The many uses of nettle
Nettle is generally not considered a particularly glamorous plant. It grows near human habitation and buildings and along roadsides, ditches and gardens. Nettle is often considered a weed and a nuisance and its stinging leaves have left painful memories for many of us. However, nettle is in fact one of the most nutritious, versatile and underappreciated plant that there is.
Nettle can be used in many ways both internally and externally:
- nettle is a delicious addition in cooking. Try nettle in soups, sauces, stews or pancakes!
- herbal teas
- in cosmetics: in the olden days, people washed their hair with nettle water
- the durable nettle fibers are used in clothing
- gardeners can use nettle as a fertilizer and pesticide in vegetable gardens
Nettle contains plenty of vitamins and minerals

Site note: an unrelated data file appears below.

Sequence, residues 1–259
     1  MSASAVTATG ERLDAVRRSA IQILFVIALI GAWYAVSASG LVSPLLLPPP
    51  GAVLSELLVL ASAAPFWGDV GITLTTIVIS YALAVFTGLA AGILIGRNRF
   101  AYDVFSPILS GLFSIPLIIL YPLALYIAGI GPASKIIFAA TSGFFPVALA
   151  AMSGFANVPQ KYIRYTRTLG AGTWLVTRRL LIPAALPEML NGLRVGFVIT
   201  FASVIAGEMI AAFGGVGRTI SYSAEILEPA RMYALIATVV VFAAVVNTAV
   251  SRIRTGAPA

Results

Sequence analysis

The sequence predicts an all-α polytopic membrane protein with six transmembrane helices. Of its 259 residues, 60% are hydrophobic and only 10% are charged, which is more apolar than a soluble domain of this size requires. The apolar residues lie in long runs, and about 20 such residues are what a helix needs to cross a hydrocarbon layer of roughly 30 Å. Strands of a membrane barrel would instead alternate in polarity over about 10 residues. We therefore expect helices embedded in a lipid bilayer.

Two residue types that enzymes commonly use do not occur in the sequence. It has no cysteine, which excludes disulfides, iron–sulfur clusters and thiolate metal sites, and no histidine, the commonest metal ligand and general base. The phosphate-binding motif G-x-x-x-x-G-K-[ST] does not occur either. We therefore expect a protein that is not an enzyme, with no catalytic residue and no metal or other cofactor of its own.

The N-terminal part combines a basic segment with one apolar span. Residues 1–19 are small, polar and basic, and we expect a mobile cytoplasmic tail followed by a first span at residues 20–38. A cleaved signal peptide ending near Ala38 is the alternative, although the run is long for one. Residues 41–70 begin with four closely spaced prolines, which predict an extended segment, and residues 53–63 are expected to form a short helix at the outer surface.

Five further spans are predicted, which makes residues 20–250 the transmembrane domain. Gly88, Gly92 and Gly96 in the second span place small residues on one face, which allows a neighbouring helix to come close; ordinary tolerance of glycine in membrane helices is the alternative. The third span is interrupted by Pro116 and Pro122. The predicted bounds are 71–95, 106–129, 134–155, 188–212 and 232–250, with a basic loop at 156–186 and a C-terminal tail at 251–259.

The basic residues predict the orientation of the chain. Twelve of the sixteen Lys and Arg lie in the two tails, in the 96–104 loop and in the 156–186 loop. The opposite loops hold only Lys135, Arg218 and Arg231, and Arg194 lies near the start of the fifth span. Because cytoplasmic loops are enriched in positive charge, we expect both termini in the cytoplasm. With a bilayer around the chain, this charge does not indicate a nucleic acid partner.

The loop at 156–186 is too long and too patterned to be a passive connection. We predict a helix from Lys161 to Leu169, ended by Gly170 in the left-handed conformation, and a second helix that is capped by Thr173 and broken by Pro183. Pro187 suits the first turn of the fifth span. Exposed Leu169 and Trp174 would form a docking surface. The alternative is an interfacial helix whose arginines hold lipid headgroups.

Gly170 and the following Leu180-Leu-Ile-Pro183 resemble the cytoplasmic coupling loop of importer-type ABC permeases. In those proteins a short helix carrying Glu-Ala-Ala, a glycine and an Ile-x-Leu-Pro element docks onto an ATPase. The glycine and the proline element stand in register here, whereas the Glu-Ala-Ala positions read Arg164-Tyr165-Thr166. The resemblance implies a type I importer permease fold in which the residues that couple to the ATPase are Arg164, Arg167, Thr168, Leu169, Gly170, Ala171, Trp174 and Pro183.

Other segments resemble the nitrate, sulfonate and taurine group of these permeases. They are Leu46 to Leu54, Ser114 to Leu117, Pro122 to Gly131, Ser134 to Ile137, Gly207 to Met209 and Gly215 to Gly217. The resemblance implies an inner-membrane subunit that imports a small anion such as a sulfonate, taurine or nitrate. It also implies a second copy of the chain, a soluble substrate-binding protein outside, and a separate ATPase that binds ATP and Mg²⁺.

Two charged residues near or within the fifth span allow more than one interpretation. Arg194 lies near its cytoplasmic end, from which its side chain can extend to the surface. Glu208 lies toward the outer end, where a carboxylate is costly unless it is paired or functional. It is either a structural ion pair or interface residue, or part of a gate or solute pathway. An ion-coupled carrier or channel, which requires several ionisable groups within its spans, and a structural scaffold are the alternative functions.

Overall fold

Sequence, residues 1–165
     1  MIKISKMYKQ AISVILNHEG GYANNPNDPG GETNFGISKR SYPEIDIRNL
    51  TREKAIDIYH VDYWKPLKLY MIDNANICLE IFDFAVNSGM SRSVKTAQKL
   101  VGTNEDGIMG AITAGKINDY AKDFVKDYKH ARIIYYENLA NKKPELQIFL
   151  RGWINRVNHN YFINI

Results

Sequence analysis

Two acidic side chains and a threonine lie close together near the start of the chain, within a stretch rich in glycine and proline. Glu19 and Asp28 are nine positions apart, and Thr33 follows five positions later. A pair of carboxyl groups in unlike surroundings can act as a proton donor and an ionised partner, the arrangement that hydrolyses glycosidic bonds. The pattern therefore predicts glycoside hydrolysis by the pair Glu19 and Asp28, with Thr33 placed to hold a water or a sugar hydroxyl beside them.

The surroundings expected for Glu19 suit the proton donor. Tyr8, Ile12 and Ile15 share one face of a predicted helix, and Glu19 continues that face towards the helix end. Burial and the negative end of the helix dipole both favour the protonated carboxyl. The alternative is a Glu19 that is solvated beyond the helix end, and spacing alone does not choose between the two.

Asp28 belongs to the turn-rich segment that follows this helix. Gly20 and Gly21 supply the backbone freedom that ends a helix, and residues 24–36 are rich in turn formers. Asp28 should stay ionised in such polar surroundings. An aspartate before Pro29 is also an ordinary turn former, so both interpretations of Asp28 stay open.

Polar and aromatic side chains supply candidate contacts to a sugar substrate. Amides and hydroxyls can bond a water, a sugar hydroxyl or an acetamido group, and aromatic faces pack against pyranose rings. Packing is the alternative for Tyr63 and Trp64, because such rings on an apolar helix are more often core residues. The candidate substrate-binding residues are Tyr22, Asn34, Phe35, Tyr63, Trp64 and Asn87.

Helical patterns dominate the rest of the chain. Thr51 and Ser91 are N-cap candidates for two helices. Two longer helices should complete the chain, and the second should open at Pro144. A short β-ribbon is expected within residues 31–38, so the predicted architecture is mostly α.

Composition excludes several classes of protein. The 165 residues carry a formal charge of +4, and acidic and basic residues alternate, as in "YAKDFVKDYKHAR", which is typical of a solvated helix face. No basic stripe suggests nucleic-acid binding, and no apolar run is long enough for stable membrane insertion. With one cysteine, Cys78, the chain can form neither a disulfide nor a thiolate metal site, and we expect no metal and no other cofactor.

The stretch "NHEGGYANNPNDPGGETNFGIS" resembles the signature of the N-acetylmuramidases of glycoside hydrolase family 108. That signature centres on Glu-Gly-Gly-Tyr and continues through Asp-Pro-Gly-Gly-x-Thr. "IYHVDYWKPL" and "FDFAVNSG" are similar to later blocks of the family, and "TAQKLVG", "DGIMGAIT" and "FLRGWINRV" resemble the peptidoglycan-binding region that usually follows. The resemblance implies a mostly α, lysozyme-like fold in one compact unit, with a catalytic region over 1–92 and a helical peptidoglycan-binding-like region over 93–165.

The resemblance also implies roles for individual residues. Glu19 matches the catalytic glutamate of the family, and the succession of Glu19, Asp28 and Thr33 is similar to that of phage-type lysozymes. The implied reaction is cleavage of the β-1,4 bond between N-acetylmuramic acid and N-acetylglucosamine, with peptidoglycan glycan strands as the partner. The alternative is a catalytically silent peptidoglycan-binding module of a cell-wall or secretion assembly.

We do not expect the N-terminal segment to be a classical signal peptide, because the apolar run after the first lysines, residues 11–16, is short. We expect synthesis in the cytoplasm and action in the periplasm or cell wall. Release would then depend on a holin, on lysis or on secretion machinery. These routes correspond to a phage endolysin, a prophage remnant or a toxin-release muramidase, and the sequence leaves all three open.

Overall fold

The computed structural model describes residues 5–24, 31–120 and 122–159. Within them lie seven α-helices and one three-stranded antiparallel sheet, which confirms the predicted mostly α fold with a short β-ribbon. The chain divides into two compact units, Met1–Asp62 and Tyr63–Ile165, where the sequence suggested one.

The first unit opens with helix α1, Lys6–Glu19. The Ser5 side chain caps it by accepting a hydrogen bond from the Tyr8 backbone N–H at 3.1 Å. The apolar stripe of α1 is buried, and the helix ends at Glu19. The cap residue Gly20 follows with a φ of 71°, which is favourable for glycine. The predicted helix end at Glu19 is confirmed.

Nettle is often compared to spinach due to its similar taste and use. Nettle is however much more nutritious than spinach. In fact, based on its nutritional level, nettle is a real superfood.
- Nettle contains even 6,2 g/100 g of protein.
- Nettle is rich in calcium, iron, magnesium, potassium, phosphorus, folate, silicon and zinc. Nettle is a good addition to a vegan diet because it contains plenty of calcium.
- Nettle also contains 3–4 times more vitamin C than spinach (nettle: 175–200 mg/100 g, spinach: 45 mg/100 g). It also contains a lot of vitamins A, E and B.
Get to know the ready-to-use nettle products in our selection!